A Hinesville resident and disabled veteran will soon have his dream home, one with wide doors and an open floor plan to accommodate his needs, allowing him to live as independently as possible with his wife and three sons.
Homes for our Troops and local volunteers will team up Jan. 21-23, for a three-day build on a specially adapted home for retired Staff Sgt. Jason Letterman and his family.
“Homes for our Troops is a nonprofit organization that builds specially adapted homes for service members that have been severely injured in combat after Sept. 11, 2001, at no cost to the veterans we serve,” said Doreen Lewis-Hout, HFOT community outreach coordinator.
Letterman lost his legs, suffered traumatic brain injuries and fractured his shoulder and pelvis during an IED explosion in Farasiyah, Iraq, in May 2008, according to the HFOT website. Letterman was assigned to the 4th Brigade Combat Team, 3rd Infantry Division. The former 3rd ID soldier was injured when the truck he was riding in rolled over a pressure wire, causing an explosion that threw the vehicle 20 feet into the air.
Letterman was airlifted to Landstuhl, Germany, and was later transferred to Walter Reed Army Medical for treatment, according to the website.
City workers, including firefighters, police officers and inspectors, representatives from Fort Stewart, community leaders and area volunteers will participate in the build. Last spring, Applebee’s in Hinesville held a series of pancake breakfasts to raise funds for Letterman’s new house.
“I saw the story on Facebook,” said Hinesville firefighter Robert Caslen. Caslen said he went to HFOT’s website and contacted Lewis-Hout.
“I just told Ms. Lewis I was interested in helping out,” he said. “Then I got some of the guys at the station involved.”
Caslen helped spread the word about the local HFOT build by posting fliers. Caslen said his father and brother both served in the Army, as did several Hinesville firefighters.
“He (Letterman) made a big sacrifice for us and I felt we could help him out in a small way,” Caslen said.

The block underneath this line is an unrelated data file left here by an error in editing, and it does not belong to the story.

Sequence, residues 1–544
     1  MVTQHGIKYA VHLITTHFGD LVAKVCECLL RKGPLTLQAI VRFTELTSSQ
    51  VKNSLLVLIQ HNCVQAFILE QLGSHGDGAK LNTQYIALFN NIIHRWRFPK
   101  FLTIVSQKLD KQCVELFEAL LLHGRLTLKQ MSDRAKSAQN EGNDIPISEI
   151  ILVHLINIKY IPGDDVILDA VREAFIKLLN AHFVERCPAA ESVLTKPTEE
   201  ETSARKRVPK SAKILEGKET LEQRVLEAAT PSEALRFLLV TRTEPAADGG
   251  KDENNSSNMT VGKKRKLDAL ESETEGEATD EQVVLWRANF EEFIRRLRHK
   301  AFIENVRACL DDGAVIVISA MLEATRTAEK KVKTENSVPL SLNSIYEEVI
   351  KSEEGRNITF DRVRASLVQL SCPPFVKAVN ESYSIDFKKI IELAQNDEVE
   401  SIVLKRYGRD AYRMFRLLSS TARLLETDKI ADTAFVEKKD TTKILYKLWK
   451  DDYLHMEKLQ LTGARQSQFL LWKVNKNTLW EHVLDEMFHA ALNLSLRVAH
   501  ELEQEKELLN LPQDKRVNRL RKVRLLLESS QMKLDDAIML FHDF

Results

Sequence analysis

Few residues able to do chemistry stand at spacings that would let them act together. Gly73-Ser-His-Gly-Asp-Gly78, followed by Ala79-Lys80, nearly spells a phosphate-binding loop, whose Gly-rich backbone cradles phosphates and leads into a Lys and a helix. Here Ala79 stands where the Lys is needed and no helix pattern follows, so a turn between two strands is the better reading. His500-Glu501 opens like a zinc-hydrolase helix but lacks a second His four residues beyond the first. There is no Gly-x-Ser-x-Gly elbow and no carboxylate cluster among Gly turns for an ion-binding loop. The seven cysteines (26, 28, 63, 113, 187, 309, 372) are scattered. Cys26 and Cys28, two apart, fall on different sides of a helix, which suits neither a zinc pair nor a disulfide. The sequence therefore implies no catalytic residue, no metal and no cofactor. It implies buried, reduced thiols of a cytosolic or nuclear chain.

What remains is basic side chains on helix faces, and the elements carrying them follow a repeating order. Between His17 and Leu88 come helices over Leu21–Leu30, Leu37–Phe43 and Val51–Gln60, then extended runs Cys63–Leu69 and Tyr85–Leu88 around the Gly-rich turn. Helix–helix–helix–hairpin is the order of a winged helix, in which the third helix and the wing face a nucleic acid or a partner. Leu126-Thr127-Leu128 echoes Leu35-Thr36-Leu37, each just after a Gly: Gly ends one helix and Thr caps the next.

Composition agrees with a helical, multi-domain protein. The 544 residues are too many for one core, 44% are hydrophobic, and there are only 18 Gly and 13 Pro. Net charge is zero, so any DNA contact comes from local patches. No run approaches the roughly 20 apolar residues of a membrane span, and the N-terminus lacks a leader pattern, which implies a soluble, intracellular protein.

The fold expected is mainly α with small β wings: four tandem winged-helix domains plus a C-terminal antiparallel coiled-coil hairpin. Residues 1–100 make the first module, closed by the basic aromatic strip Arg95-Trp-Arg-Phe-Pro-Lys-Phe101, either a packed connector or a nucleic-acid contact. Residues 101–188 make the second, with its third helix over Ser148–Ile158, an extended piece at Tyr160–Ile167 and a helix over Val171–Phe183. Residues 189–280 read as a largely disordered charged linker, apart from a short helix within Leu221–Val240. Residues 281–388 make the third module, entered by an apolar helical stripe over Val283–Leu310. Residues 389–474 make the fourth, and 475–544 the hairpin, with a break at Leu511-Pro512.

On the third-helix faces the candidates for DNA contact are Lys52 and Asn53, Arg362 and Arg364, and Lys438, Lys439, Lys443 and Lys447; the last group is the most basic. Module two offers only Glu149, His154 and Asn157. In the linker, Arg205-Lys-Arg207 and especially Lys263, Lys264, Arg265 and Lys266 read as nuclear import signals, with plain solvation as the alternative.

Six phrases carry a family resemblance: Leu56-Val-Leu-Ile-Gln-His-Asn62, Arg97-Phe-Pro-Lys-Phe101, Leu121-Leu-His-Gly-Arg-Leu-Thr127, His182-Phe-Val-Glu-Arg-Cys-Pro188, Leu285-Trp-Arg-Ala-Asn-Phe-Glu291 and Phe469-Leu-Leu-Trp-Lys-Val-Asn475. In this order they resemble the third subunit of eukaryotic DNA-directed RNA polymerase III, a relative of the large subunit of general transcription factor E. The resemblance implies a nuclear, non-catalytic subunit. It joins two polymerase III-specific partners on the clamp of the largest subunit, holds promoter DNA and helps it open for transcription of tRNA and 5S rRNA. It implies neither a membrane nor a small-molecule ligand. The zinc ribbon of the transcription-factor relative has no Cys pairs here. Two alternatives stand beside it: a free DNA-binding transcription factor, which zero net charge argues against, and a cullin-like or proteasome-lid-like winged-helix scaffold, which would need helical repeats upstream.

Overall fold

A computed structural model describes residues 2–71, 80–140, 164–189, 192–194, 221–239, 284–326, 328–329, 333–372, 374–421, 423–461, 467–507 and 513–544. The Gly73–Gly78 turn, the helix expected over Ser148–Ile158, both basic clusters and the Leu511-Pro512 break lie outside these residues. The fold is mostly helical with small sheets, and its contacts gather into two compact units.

Jesup resident and retired GBI agent Ron Brooks also helped jumpstart the HOFT project here. Brooks helped coordinate the build by contacting city officials and the installation’s leadership.
“My wife and I have been supporters of Homes for our Troops since 2004,” he said. “I once told my wife if they were ever going to build a house locally we’d get involved.”
Brooks, a veteran of the Vietnam War, said, “We as an American people have a responsibility to take care of our veterans.”
Since Brooks had worked in law enforcement, he knew Hinesville Police Chief George Stagmeier. He took information about the Letterman home build project to the police department and then met with Mayor Jim Thomas.
Brooks said city officials worked out many of the “logistics” of the build with the military and HFOT.
“When we started off I talked to the contractors about cost,” Thomas said. “We (the city) couldn’t waive impact fees but we could waive some of the other fees so they could get the house up.”
The mayor said the city would also arrange an escort for the Letterman family to the build site next week.
The build will begin at 8:30 a.m. Friday, Jan. 21, at 857 Forrest Street in Hinesville’s Oak Crest subdivision.
“One of the (installation’s) general officers will speak at the (build) ceremony on Friday,” Thomas said.
For more information, go to www.homesforourtroops.org.